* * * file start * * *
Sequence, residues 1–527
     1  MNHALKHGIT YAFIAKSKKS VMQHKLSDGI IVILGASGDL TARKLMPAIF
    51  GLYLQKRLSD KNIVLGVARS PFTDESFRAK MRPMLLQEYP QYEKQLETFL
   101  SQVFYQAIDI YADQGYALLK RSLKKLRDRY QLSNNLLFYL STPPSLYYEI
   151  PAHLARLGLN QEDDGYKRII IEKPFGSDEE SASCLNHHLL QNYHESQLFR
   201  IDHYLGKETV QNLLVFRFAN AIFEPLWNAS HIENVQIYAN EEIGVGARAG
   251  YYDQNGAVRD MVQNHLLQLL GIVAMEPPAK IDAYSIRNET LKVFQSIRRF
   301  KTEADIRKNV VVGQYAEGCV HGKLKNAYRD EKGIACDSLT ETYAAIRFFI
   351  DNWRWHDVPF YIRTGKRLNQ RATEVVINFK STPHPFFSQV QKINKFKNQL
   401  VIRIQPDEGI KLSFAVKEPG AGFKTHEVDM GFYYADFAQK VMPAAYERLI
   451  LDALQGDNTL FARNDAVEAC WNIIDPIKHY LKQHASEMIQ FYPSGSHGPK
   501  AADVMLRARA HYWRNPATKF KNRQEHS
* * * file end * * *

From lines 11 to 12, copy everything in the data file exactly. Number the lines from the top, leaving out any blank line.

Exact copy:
   451  LDALQGDNTL FARNDAVEAC WNIIDPIKHY LKQHASEMIQ FYPSGSHGPK
   501  AADVMLRARA HYWRNPATKF KNRQEHS